European Risk

A “meaningful” investment rebound is unlikely in the “foreseeable future,” Tao Dong, an economist at Credit Suisse, wrote in a note to clients. He also lowered his 2012 inflation forecast to 3.1 percent from 3.7 percent, while the 2013 estimate was halved to 2.3 percent on the risk of deflation.

Moody’s downgraded Spain’s credit rating by three steps to Baa3 from A3 yesterday, citing the nation’s increased debt burden, weakening economy and limited access to capital markets. Europe is China’s largest export market, making up about 18 percent of the nation’s overseas shipments, according to Shenyin & Wanguo Securities Co.

“For the next several months, we are still going to be overshadowed by the macro economic background in Europe,” Sam Mahtani, who oversees about $5 billion as director of emerging markets at F&C Asset Management Plc in London, said by phone yesterday. “China will roll out incremental measures to help the economy and can manage to engineer a soft landing, while what happens in Greece, Spain and Italy will obviously have a very significant impact on sentiment toward emerging markets like China.”

Cement Cut

Anhui Conch dropped 1.5 percent to 15.87 yuan, the lowest close since March 30. Gansu Qilianshan Cement Group Co. lost 5 percent to 12.09 yuan. Huaxin Cement Co. (600801), the Chinese affiliate of Holcim Ltd., fell 2.7 percent to 14.31 yuan.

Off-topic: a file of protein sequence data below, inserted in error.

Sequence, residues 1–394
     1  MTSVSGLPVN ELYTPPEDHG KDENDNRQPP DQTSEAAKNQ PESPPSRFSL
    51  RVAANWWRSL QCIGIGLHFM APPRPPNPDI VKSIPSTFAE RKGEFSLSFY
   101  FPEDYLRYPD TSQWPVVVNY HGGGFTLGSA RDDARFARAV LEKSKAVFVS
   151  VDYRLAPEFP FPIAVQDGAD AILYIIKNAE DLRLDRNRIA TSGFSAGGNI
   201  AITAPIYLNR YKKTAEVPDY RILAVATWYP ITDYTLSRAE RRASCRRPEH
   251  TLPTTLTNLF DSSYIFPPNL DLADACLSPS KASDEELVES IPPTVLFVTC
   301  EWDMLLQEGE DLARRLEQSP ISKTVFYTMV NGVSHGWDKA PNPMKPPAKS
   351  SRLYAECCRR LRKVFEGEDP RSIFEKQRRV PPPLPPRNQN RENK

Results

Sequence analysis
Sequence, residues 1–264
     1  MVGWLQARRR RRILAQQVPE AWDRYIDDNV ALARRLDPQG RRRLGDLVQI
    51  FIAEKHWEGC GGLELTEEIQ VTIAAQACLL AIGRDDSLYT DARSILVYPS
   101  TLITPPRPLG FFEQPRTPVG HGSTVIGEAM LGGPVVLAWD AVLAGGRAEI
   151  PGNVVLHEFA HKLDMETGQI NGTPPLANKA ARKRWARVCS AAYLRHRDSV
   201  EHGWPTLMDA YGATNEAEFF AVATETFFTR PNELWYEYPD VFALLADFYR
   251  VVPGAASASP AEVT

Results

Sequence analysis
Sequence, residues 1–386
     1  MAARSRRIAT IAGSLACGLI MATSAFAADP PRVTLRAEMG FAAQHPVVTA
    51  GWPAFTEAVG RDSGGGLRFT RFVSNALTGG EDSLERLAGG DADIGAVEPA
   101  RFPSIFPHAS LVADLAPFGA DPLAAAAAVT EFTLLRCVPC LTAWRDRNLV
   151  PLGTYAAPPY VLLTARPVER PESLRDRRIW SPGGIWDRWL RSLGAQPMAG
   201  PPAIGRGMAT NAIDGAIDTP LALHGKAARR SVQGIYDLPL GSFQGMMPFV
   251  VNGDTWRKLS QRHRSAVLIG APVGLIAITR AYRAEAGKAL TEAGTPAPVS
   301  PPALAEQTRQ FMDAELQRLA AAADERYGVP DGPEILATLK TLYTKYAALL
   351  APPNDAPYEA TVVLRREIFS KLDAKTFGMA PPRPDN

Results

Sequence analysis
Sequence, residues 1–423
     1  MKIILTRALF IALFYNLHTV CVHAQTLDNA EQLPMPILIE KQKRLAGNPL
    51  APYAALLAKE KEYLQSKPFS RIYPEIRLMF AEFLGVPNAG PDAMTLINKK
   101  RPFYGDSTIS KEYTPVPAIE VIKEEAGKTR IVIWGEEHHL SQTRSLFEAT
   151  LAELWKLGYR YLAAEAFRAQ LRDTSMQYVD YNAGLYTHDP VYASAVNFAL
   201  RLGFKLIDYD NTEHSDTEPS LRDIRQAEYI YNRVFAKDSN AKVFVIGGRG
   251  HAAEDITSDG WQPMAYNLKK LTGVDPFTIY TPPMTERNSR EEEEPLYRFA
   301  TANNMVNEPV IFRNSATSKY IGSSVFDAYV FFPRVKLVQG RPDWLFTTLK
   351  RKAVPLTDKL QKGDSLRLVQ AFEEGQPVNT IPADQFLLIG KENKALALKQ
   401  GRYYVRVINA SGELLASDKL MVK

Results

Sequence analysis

Anhui Conch was downgraded to underperform from outperform amid weaker prices and likelihood that the consensus earnings estimates for the cement industry will be reduced, Pelen Ji, an analyst at Macquarie, wrote in a note dated yesterday.

Macquarie lowered the 2012 earnings estimates for most cement producers by between 10 percent and 25 percent and expected prices of the building material to fall between 6 percent and 14 percent, according to the note.

A measure tracking 23 consumer staples stocks on the CSI 300 climbed 1.3 percent, the most among the 10 industry groups.

Kweichow Moutai, China’s biggest producer of baijiu liquor by market value, rose 2.3 percent to 244.59 yuan. Wuliangye Yibin Co. (000858), the second biggest, advanced 1.8 percent to 32.94 yuan. Luzhou Laojiao Co., a sprits producer in southwest province of Sichuan, gained 1.4 percent to 41.34 yuan.

No Hard Landing

Chinese consumer goods producers posted 18 percent earnings growth on average in the first quarter of this year, compared with a 3.6 percent gain for all companies on the Shanghai Composite, according to data compiled by Bloomberg.

“I believe there will not be any hard landing,” Agnes Deng, the Hong Kong-based head of Hong Kong and China equities for Baring Asset Management, which oversees $48.1 billion, said in a briefing in Hong Kong yesterday. “Stocks valuation has already priced in the risk of a potential hard-landing. I remain optimistic towards China’s equities market.”

To contact Bloomberg News staff for this story: Zhang Shidong in Shanghai at szhang5@bloomberg.net

To contact the editor responsible for this story: Darren Boey at dboey@bloomberg.net